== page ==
Thursday, October 8, 2009

Some Experience with home security in the US

Hi FerFal,

Iv been reading your blog for the past couple months and I thought that I would give you some insight to the security issues Americans face in the suburbs and to how those could be exploited more if the SHTF. Most of the houses around here have little to no security save for an alarm system to scare off burglars. All walls are basically 2x4 construction with rolled fiberglass insulation with some aluminum siding on the exterior walls, anyone with a good sledge hammer, chainsaw or angle grinder can get through these walls in a matter of seconds. Most doors are added for looks so they are usually 75% wood with thin sheet steel and glass, thats only the front door. The basic may be a standard exterior door or could be a sliding glass door to give that "open feel" to the house. Large exterior windows that at best are dual pane to act as insulation. The sheepish idealogy of people is also frightening as they see anything other than a security system as being excessive, I recently added a chain to my front door and many friends thought I was being paranoid by having it.
(Edited to add by FerFAL:
Hi Briar, thanks for your email. American construction isn't designed to take much damage, just . Around here homes are mostly made with reinforced concrete structure, a couple layers of plaster, bricks and a layer of waterproof cement.
While not ideal it will usually stop a 9mm round, and other handgun calibers, and I assure you this type of construction has, without knowing it, saved lives in these violent times.
The day before yesterday a baby died from a stray shot during a gang fight, shot under the armpit, through the window while held by his mother, 8 months old if I remember correctly.
That type of 2x4 frame, hollow walls you have in USA, that will hardly slow down a 9mm projectile unless it hits a beam. Careful with that door chain, most can be broken just pushing or with a 1/2 hearted kick)

My home was build in the 60s so it has the advantage of having heavy plaster walls with chicken wire underneath which would make it hard to get through. November of last year I was broken into and had computers stolen from my house with the whole place locked up, it was easy for them. They got in by going to my garage and busting a piece of glass out so they could reach in and unlatch the window and turn it a bit which followed by giggling it so get it open all the way, from there they were in.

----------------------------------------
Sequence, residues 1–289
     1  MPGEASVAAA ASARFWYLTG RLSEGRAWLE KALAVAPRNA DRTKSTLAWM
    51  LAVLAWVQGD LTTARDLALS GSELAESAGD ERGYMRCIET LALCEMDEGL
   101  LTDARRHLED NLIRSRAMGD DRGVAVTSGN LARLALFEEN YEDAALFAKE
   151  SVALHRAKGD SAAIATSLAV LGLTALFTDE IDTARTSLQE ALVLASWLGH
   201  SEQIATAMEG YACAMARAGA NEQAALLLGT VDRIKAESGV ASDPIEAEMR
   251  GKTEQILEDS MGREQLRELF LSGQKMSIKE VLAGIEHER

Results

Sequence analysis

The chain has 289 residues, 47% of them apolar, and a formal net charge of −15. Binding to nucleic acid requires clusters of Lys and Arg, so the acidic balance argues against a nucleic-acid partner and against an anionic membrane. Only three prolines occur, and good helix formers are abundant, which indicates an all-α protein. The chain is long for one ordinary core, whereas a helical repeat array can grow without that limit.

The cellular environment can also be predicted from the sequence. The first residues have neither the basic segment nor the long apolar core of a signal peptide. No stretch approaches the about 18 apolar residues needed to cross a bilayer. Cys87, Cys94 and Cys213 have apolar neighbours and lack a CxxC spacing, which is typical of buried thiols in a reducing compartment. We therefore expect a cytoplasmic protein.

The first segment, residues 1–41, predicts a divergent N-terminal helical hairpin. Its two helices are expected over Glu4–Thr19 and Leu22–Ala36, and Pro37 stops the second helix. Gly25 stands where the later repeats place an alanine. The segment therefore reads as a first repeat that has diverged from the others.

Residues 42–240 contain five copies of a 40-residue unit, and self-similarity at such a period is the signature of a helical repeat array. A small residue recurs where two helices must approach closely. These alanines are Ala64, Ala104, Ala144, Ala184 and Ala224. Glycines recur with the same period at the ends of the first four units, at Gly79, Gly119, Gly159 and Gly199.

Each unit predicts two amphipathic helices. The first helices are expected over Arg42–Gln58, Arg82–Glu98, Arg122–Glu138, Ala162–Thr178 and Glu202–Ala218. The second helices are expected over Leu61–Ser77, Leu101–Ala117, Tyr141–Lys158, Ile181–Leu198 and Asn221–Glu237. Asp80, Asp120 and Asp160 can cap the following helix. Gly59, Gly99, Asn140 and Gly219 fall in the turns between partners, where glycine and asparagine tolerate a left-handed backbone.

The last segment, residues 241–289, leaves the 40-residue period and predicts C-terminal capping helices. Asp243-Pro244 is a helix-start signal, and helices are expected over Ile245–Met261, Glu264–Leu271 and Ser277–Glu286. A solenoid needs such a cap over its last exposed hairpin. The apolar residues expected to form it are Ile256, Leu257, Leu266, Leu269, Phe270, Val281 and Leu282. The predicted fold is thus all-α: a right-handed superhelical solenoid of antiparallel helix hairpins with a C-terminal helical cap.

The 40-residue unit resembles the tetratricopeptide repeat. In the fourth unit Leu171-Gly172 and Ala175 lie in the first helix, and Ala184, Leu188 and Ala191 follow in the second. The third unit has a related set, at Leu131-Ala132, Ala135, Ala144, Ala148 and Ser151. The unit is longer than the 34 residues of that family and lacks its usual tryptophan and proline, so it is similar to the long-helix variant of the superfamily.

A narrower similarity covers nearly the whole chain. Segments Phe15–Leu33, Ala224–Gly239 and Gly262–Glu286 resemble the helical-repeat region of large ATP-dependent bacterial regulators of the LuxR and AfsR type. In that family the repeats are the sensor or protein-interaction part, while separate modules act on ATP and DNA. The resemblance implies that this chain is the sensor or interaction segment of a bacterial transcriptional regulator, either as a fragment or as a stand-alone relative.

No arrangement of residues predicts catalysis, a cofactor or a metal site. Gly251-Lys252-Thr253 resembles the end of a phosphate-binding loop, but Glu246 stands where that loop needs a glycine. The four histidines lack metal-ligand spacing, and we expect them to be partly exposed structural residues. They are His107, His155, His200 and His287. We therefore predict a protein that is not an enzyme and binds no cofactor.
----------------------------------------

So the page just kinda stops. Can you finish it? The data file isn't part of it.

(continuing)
(Edited to add by FerFAL: That’s typical. Doors should be solid and avoid any glass in them. Specially when located in places where they can brake it and unlock the door. I’d recommend reinforced doors for all exterior doors, including the garage one)
Being out where we are the threat of gangs attacking our homes is minimal but the possibility of desperate people living nearby coming after homes that appear to have resources is well within reason. (Edited to add by FerFAL: Humble advice: No idea where “Out where we are” is, but notice the following. You already suffered a home invasion, so you are wise in considering even greater problems or threats as things get worse)Many upper class homes are having generators installed in their homes which is great except they are located outside and sometimes these people leave their doors open in the day feeling confident no one will violate the upper class are they live in. If food supplies were to dwindle for any reason it would be easy for a small group to take out a window and ransack fridges or cupboards as most of them are located within reach of the rear sliding glass doors.
(Edited to add by FerFAL: No need to wait for starving mobs. With poverty and unemployment on the rise, a police force that has a hard tiem keeping up, the crime problem will become pretty clear. Opened doors to use the generator? Big mistake, bad guys can simply walk in on you. Another reason why the courtyard house design looks so attractive to me: A secured, open space. Search the blog for some posts regarding courtyard homes)